News Politics: There hasn’t been any clarification regarding the potential legal risk that former President Donald Trump is facing in the two weeks since the FBI searched Mar-a-Lago. But that incident, along with mounting pressure on other fronts from Georgia to New York to Washington, has contributed to the creation of lanes in a 2024 field that Trump most definitely won’t control alone. Sens. Ted Cruz and Josh Hawley are two Trump-supportive Republicans who have renewed their attacks on the FBI. And Florida Governor Ron DeSantis has taken a similar approach, incorporating criticism of what he calls a “weaponized” Department of Justice into his broader campaign messaging. DeSantis will learn his opponent in his re-election bid on Tuesday.
Then there’s Wyoming Republican Rep. Liz Cheney, fresh off her primary loss but making clear her work against those who deny the legitimacy of the 2020 election will carry through 2022 and, of course, 2024. In an interview with ABC News’ Jonathan Karl on “This Week,” she labeled Cruz and Hawley as “unfit for future office” and called out DeSantis for “right now campaigning for election-deniers.”
Trump’s Vice President Mike Pence is hedging on the Mar-a-Lago raid, however, telling ABC News in Iowa on Friday that while he’s “deeply troubled” by the federal operation at Trump’s home, “The calls to defund the FBI are just as wrong as calls to defund the police.”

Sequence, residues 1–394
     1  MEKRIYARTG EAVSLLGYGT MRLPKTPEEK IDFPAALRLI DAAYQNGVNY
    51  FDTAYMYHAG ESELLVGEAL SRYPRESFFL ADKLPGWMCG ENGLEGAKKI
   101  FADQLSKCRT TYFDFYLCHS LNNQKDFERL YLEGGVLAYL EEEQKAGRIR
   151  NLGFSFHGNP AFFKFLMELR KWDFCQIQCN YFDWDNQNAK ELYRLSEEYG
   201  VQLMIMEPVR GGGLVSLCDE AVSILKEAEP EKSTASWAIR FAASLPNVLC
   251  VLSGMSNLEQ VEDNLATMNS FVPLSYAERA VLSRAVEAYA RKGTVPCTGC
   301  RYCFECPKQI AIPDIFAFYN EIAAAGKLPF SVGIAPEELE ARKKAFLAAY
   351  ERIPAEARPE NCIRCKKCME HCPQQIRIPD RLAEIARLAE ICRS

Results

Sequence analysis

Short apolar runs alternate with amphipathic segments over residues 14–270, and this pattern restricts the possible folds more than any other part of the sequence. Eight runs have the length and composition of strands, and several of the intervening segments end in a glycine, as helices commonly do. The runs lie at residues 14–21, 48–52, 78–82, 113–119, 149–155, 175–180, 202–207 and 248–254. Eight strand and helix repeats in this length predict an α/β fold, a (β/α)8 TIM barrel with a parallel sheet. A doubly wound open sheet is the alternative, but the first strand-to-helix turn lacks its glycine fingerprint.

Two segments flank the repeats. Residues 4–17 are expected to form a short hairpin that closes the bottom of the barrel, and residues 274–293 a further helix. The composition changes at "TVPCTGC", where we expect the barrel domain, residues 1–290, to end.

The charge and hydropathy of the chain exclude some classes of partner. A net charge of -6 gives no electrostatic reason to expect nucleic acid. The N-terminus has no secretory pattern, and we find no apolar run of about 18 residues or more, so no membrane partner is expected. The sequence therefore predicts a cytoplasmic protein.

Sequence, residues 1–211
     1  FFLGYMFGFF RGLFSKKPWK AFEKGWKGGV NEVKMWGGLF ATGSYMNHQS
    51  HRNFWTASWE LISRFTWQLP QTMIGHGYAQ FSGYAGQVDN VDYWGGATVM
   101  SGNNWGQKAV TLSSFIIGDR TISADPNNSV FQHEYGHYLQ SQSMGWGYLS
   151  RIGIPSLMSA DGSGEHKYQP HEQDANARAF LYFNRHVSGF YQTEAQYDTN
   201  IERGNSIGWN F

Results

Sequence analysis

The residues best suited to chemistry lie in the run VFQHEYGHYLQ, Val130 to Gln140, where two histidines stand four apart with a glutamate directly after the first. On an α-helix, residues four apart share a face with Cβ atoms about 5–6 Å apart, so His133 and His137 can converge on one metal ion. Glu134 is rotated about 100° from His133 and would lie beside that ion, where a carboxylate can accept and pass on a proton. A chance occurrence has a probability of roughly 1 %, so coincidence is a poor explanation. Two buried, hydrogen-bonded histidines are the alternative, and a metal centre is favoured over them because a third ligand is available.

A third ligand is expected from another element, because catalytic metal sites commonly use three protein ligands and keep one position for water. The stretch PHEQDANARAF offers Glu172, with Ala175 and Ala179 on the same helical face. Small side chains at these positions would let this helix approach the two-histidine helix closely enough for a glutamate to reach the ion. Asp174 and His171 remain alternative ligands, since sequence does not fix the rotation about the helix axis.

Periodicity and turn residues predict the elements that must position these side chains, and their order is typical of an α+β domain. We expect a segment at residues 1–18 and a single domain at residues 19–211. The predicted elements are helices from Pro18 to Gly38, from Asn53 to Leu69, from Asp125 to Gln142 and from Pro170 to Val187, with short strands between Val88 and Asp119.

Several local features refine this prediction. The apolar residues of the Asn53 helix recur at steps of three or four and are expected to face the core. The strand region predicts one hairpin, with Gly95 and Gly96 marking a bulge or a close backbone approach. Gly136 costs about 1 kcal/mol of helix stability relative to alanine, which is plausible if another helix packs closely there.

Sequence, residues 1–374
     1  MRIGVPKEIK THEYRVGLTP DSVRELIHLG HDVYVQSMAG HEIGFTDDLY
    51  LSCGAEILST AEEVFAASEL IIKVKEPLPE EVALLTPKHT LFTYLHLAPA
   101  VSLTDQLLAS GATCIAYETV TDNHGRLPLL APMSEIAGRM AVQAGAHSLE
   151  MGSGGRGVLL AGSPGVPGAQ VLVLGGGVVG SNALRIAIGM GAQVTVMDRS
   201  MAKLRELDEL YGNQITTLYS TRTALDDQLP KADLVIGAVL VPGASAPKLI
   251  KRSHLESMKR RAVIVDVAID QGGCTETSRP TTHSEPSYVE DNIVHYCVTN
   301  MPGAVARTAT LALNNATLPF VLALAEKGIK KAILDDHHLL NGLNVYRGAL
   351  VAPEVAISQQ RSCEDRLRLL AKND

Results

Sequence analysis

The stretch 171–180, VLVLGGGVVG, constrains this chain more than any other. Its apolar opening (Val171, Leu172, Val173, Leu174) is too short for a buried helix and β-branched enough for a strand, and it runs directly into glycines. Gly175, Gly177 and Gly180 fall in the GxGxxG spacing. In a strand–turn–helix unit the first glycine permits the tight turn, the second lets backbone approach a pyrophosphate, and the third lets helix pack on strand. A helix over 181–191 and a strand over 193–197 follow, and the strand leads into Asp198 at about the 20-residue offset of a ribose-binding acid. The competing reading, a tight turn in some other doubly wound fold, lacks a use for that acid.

Cheney declined to say whether a potential presidential run would take her through the Republican primaries or a campaign as an independent, though she said she realizes why the Republican National Committee would work to keep her off a debate stage that includes Trump.
“We can’t just stand idly by while woke ideology ravages every institution in our society,” DeSantis said at his Pennsylvania event on Friday, sticking to a message about cultural issues which he’s made a focus of his gubernatorial term and reelection effort.
Former Vice President Pence campaigned last week at the Iowa State Fair with GOP Sen. Chuck Grassley — though his appearance was shadowed, yet again, by his former running mate. While Trump faces mounting legal problems, Pence blasted those critics — many of them Republicans — of the FBI in the wake of the Mar-a-Lago raid. He also said he didn’t take classified information from office, the very thing the Department of Justice is investigating in relation to its search of Trump’s home. Pence did all of this while avoiding giving definitive answers on whether he’ll make a run for the White House. “After the first of the year, my family and I’ll do as we’ve always done, and that is reflect and pray on where we might next serve, where we might next contribute,” he said. The challenge, should either he or DeSantis launch a GOP primary bid, is garnering significant support in a party that is still very much aligned with Trump, who has repeatedly hinted at a run of his own.
“If it were between Pence and Trump, I would vote for Trump,” Iowa fairgoer Deb Taylor said in a recent interview with ABC News.That sentiment is a demonstration of how arduous a path Pence or DeSantis could have to a GOP presidential nomination with Trump still in the picture.